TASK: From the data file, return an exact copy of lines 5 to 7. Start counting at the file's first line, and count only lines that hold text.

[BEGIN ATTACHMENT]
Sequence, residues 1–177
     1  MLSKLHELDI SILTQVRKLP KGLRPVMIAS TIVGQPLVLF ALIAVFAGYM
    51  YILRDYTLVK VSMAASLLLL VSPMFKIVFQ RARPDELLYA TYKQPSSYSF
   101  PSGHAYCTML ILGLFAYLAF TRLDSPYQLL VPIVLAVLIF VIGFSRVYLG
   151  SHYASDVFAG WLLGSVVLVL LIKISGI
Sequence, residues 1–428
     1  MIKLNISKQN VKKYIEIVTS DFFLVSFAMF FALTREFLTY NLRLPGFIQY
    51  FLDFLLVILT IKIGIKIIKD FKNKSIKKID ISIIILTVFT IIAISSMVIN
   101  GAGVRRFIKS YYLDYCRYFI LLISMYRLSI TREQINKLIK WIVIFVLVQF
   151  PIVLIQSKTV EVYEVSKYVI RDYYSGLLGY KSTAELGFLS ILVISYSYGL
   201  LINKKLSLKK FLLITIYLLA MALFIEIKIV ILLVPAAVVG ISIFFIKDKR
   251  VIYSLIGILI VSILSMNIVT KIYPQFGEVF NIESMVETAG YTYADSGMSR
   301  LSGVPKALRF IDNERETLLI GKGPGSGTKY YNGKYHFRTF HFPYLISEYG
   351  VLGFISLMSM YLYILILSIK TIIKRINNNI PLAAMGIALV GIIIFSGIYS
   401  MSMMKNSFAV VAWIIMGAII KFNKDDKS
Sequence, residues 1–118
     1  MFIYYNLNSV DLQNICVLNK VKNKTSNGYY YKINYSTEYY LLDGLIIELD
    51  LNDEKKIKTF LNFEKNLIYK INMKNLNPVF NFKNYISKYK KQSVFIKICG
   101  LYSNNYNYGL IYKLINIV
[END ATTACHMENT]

   151  SHYASDVFAG WLLGSVVLVL LIKISGI
Sequence, residues 1–428
     1  MIKLNISKQN VKKYIEIVTS DFFLVSFAMF FALTREFLTY NLRLPGFIQY